Banks ease restrictions on real estate investments
Working as a keypunch operator in a private company, I was excited to see the New Pakistan Housing Scheme, which offers cheap loans to the weaker sections of the population who do not have a home of their own. He tried to find a house worth Rs 3.7 million, but the bank’s paperwork took a long time. When he regained information about the house a few months later, it had risen 13 percent to Rs. 4.2 million.
Leading economist Atif Mian recently pointed out that the offer of cheap loans would lead to a steady rise in property prices.
“If you artificially increase people’s purchasing power to buy something, you will also increase the price of that thing, low-interest rates increase prices, and when you lend them more,” he said. As a result, the price of the house they want to buy will also increase.
But the government, through the Federal Board of Revenue and the SBP, is trying to facilitate builders and developers to build more residential units. This has increased banks and development financial institutions (DFIs) to provide maximum lending to buyers and financial schemes. The FBR also introduced an amnesty scheme, allowing builders and developers to invest in these projects.
Zaigham Mahmood Rizvi, chairman of the New Pakistan Housing Program, said that Pakistan needed about 11 million houses, of which 700,000 were being added annually. This means that if the demand for houses increases by 700,000 in one year, it will be even higher next year.
Zaigham Rizvi added that the main reason for the delay was the reluctance of banks to finance the housing industry.
“Mortgages account for 11% of India’s GDP, 5% for Bangladesh, and 0.5% for us,” he said.
The SBP has set targets for banks to extend mortgage loans, finance developers, and builders. Banks will now have to maintain 5% of their private sector lending by December 31, 2021, to finance housing and construction activities. ۔
The SBP has also introduced a carat and stick scheme to the hesitant banking industry to achieve these targets.
The SBP has now amended the provisions of the Capital Advocacy Regulation to facilitate the investment of banks and DFIs in real estate investment trusts (REITs). It has reduced the applicable risk weight for banks and DFIs in RETs units from 200% to 100%.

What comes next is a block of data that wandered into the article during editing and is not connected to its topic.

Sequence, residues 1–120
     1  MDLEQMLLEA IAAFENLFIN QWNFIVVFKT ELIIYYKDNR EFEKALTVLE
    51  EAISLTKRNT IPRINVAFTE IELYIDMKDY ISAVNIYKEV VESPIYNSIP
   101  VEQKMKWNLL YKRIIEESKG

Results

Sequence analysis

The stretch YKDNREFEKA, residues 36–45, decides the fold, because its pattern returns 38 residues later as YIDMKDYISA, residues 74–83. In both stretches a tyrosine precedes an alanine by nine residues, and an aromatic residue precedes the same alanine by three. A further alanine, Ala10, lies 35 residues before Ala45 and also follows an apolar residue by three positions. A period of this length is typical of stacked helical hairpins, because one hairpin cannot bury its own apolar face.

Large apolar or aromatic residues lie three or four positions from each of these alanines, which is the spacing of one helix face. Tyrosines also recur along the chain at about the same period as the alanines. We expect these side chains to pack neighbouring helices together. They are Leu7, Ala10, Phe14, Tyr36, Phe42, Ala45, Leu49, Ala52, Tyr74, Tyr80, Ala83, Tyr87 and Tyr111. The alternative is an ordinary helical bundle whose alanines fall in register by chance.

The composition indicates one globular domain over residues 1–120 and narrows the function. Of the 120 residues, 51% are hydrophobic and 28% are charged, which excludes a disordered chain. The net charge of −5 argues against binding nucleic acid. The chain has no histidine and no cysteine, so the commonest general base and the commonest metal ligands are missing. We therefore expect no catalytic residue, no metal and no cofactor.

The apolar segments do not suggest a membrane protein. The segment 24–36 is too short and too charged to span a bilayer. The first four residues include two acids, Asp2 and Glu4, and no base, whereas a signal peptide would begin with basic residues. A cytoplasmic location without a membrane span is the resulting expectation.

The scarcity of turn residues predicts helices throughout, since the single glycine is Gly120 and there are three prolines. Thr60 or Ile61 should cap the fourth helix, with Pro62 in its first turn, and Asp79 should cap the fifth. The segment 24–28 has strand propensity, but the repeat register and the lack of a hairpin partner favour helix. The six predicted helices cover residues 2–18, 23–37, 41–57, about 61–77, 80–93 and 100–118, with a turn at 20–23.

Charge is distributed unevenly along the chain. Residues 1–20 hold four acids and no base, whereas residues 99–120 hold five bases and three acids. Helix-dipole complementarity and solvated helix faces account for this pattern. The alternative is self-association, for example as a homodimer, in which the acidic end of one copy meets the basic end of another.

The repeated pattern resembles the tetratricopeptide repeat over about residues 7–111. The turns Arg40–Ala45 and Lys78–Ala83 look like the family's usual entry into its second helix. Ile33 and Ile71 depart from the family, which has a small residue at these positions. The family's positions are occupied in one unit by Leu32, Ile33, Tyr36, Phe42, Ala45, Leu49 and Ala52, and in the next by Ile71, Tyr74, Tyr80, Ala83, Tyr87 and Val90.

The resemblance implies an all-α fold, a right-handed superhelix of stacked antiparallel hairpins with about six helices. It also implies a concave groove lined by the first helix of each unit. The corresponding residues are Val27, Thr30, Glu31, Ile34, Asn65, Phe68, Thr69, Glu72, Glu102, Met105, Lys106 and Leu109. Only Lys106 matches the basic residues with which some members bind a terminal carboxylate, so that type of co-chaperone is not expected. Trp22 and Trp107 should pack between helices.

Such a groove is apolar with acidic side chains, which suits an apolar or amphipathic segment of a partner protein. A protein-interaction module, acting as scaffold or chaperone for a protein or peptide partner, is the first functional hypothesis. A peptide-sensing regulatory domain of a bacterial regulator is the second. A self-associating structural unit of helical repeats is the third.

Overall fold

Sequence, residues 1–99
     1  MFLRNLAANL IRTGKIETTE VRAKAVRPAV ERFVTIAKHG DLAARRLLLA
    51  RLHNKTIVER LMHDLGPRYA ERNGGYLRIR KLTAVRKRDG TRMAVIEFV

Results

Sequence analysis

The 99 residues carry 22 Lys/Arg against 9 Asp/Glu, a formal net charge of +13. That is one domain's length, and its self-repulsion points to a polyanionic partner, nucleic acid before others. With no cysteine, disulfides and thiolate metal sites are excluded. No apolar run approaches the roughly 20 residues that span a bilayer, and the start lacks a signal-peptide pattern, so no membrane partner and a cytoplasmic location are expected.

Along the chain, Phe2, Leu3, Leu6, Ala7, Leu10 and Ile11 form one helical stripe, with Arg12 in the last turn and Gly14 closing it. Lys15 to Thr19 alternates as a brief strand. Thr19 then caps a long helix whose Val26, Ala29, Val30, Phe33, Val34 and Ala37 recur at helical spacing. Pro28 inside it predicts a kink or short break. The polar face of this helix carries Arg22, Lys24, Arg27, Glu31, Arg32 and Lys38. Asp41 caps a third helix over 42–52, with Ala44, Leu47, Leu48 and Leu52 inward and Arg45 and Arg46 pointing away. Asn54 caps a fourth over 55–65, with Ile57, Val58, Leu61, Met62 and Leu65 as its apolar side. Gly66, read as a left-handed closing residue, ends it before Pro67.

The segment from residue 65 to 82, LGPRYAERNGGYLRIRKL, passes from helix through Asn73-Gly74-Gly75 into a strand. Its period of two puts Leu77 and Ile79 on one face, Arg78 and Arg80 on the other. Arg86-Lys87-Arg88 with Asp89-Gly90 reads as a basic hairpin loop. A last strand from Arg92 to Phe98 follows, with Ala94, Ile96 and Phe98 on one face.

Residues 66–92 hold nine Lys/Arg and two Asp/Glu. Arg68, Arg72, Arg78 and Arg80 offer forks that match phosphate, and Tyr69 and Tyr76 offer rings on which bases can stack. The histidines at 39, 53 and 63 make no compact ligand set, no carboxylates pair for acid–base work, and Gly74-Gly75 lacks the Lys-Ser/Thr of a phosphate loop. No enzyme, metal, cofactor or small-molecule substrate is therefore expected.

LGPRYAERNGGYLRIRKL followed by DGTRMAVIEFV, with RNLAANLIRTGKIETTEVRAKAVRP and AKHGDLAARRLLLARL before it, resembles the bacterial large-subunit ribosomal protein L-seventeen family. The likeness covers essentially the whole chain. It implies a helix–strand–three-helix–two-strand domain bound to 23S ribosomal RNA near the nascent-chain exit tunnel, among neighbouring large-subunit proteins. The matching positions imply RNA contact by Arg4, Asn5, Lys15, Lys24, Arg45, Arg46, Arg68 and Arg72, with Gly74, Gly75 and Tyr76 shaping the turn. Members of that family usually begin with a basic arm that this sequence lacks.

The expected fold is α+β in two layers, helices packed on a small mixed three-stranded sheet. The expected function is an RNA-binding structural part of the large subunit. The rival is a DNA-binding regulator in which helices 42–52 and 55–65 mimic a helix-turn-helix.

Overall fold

REITs raise funds from the public and public institutions such as banks and invest the funds in real estate properties.
A source, speaking on condition of obscurity, said that Atif Mian was correct in saying that if a cheap house loan was offered, it would increase property prices, but only when the demand and supply of cheap loans increased. I will increase, meaning housing units will be as limited as before.
Sources said that the policy of the State Bank of Pakistan and the government will always be to increase the supply of housing units, which will keep house prices stable.
The increase in construction activities will increase the number of people involved in this sector and related industries. Therefore, people from other industries will also benefit when they spend their earnings through this sector and industries.
The SBP expects investment through banks to boost the development of the country’s real estate sector.
The SBP said in a journal that the growing participation of financial institutions supporting regulatory measures would also encourage REIT management companies to start new RETs, leading to housing and construction. As a result, the government’s plan for the development of the sectors will be further enhanced. The central bank also amended the rules for banks to invest more in REITs, raising their equity from 10 percent to 15 percent.
The SBP further said that the amendments to the Capital Adequacy Regulation would encourage banks to participate in the capital market working for the real estate sector.
Only one REIT, Arif Habib Dolmen, is registered and functional in the Pakistan Stock Exchange.
As per the SECP, five new REITs have registered themselves in the last two years. A total of 10 REITs are registered in the SECP, while two more companies are registering.
Mukesh still wants to take advantage of the SBP scheme to buy property, but he is disappointed because the bank’s operations are painful, and the property is becoming more expensive.